If you go down into the museum below the cathedral, you can see real engineers at work with hard hats and everything. Here's an architect behind glass working on some scale models.

What will it look like when it's all said and done? Well, there's a model for that too.

Gaudí also designed a church that utilized an innovated hanging model. Basically it's a wireframe model that has little sacks and is upside-down. This allows gravity to determine the most efficient design using the least amount structural material. There's also a theater that shows a short film about the cathedral and Gaudí in several languages. It's a lot of fluff, but air-conditioned!

Well, there's also Las Ramblas where a lot of mimes go to entertain and make a quick euro. Some just stand around and do a little dance and pose for a picture if you give them change, but the good ones, like this one of Charlie Chaplin have an interactive routine going on.

There are also artists that will paint portraits of you. This kid is getting his for 50 euros, which is like 65 dollars. Pretty pricey. But the final outcomes do look pretty good, but I think they take a couple hours to complete.

On any given night, you're also going to want to come to the Barcelona Museu Nacional d'Art de Catalunya. At least to check out the amazing water fountains that run upto it on Montjuïc. Barcelona being right along the water does have it's benefits.

Going up the escalators and turning around from the last picture, you see the Font Mágica (here lit up in red) and the fountains going down to the Plaza España. It's kind of like Vegas and the lights change color, the sprinklers rotate, and the water is sychronized to classical music.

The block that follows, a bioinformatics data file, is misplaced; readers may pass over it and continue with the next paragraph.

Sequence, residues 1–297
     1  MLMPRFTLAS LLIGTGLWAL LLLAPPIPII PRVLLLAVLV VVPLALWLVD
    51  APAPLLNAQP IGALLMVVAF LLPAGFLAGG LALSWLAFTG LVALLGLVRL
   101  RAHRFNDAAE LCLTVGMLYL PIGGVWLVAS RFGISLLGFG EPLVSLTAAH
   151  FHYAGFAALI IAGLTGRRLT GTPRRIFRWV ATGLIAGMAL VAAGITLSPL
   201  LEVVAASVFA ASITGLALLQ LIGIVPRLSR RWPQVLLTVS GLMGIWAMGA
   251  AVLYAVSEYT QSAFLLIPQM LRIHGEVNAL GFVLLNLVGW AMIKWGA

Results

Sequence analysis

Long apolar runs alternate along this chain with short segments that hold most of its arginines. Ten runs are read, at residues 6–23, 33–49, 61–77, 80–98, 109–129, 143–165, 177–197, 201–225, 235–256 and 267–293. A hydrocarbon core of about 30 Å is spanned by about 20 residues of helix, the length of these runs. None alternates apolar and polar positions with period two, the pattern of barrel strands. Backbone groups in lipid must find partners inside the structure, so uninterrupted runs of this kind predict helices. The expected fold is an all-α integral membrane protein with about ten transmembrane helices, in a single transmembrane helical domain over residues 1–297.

Going up a little closer and it looks like a volcanic eruption.

Even closer. Ever see "Ocean's Eleven?"

Yeah, I took a ton of pictures of the fountain, but here you get to see that lots of people sit, watch, and relax. Also, the people are tiny, so you get an idea of how big the fountain actually is.

And here's finally a really close one with me in it. Some Australians took this for me and were confused when I started talking to them in Spanish.

So I hit up the waterfront, Barceloneta, and checked out the discos a couple nights. Here's a shot from Star Winds of some girls that asked me to take their picture. The one in pink actually is the one who signaled me to take it, but she seems a little unprepared for picture taking. Yeah, they were wasted and the guy in the background thought it was hilarious. The discos in Spain don't light up until maybe two or three in the morning and go until six or seven. I had to walk past some prostitutes going home that night and even had to fight off a pickpocket. Good times.

Barcelona is also where Allison and I went separate ways. I stayed in Barcelona for a couple extra nights, while she went to London. But out last night out we went tapas hopping and had a lot of sangría. We went out to about three or four places, had a couple liters of sangría, though she might have had to drink some of mine at the end. We had alcachofas, mejillones, patatas bravas, calamari, chorizon, and champiñones. Possibly more, but I don't recall. It was a good time and we saw a clown performing with the passersby at one of the cafes we were at. He was a heckler and made fun of tourists, but the locals had a good time scaring him, stealing his stuff, and even biting his ass (which he wasn't a fan of). Tubes is in Europe! Text me.


  • At 01 September, 2005 04:54, Anonymous Anonymous said…

    yo what happened to ur camera? it seems like its all taken from ur cell phone...anyway spain looks nice so did u get laid